Phil McDuff 26th November 2018
Once again, an interviewer has asked a Labour MP if they can be “friends” with Tories. Once again, the answer was “no”. And so, like clockwork, the fauxtrage machine sputters into life, churning out thinkpieces denouncing the left’s obsession with “purity politics”.
You can understand why this question was put to McDonnell. The ten minutes’ hate against Laura Pidcock for saying something similar after her election last year was a remarkable success, measured in terms of opportunities for banal, empty posturing and performative outrage about nothing. Asking this question of the shadow chancellor is a great chance to for people to mount their hobby horses all over again.
The response to McDonnell, like Pidcock last year, was to act as if he had said he would shun every Tory voter in the street. Professor Brian Cox, strings duly tugged, said that it was a tacit endorsement of a “one-party state”, a statement that would have been absurdly hyperbolic even if McDonnell had, in fact, said, “All Tories are bastards.”
In fact, what he said was: “I work with Tories on the basis of cross-party agreements etc. I’m perfectly civil and I’m perfectly willing to engage in conversation etc.”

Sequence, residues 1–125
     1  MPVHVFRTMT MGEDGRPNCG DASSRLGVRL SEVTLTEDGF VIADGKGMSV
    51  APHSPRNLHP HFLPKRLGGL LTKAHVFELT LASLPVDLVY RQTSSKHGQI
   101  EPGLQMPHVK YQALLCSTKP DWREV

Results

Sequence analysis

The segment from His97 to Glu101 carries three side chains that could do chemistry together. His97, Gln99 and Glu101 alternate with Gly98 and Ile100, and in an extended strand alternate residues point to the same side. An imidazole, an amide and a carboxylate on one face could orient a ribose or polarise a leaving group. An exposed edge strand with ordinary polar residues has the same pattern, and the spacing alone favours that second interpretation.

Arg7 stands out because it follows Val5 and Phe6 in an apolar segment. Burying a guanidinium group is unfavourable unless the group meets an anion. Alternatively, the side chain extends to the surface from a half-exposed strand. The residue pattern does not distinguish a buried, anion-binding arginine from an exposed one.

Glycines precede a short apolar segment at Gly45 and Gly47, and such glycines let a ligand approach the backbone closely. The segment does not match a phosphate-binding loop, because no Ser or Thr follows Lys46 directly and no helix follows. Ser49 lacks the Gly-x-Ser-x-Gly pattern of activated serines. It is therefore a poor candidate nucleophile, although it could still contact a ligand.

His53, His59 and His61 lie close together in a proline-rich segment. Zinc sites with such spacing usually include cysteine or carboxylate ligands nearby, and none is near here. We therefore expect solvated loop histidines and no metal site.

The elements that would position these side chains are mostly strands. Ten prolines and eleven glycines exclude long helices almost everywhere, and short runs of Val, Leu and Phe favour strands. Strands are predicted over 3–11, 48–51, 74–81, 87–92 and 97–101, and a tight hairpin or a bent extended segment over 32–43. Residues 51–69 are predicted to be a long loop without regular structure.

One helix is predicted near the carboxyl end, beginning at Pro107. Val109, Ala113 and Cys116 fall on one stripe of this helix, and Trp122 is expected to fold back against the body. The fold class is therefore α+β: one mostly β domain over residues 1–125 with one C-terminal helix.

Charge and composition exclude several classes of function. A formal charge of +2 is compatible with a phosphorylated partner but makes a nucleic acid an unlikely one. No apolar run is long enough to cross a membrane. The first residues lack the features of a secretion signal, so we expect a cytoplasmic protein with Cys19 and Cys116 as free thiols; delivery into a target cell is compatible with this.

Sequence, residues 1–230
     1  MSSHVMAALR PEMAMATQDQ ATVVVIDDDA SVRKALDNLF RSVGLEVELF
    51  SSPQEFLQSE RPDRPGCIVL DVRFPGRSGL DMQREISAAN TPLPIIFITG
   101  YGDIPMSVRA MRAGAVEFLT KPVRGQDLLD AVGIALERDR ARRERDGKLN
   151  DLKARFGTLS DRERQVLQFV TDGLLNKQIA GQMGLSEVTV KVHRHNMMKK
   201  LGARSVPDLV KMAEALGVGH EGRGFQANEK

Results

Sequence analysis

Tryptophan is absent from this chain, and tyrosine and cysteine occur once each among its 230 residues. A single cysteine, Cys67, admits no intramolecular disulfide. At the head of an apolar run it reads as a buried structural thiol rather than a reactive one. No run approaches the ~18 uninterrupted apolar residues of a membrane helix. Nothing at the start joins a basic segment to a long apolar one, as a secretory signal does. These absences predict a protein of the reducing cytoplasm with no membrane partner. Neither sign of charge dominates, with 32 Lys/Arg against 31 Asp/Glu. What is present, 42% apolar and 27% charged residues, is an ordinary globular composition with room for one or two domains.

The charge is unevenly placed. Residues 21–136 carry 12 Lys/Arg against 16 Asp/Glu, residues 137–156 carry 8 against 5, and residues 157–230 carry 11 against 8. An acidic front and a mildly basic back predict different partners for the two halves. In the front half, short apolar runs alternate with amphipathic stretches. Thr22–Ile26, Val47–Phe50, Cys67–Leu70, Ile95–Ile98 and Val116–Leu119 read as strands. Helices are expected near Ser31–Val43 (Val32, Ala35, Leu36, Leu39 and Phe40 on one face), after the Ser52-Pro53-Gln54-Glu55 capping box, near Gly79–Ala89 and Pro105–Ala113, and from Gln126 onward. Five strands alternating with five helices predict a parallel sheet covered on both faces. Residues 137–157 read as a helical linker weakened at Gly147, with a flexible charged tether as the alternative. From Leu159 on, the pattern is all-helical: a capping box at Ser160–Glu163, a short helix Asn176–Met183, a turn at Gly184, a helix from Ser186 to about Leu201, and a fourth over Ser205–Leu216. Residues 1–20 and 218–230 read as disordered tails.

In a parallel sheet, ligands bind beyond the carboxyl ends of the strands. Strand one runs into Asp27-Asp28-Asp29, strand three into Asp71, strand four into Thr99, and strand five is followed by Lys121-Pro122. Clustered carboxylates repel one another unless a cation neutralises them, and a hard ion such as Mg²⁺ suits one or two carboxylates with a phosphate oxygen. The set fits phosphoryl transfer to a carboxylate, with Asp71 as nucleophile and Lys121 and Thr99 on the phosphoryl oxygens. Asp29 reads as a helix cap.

In other words, he has a professional working relationship with other MPs in the house, even those on the opposite benches, but he doesn’t feel like he can overlook their ideological positions and the impacts of their policies enough to become actually friends with them.
This is a perfectly fine and reasonable position to take. All of us will have people we need to work with who we don’t necessarily get along with. Even those we have perfectly amicable relationships with don’t need to be our friends, per se, and it’s perverse and odd to suggest otherwise.
Those who don’t debate their opponents are avoiding the hard questions, apparently
The reason behind the overreaction is that the outrage is entirely confected — an excuse to rehash old tales about the fundamental unreasonableness of left-wing politics and to position the speaker as common-sensical and moderate.
There is a hard core of received wisdom about the importance of “debate” and “seeing both sides” which remains stubbornly in place among centrists. It runs that the left are too busy with grand ideas and purity infighting to get down to the “real work” of government, and that the right has too many hard-nosed accountant types who understand profit and loss sheets, but whose lack of compassion leads them to support policies which inadvertently steamroll lives.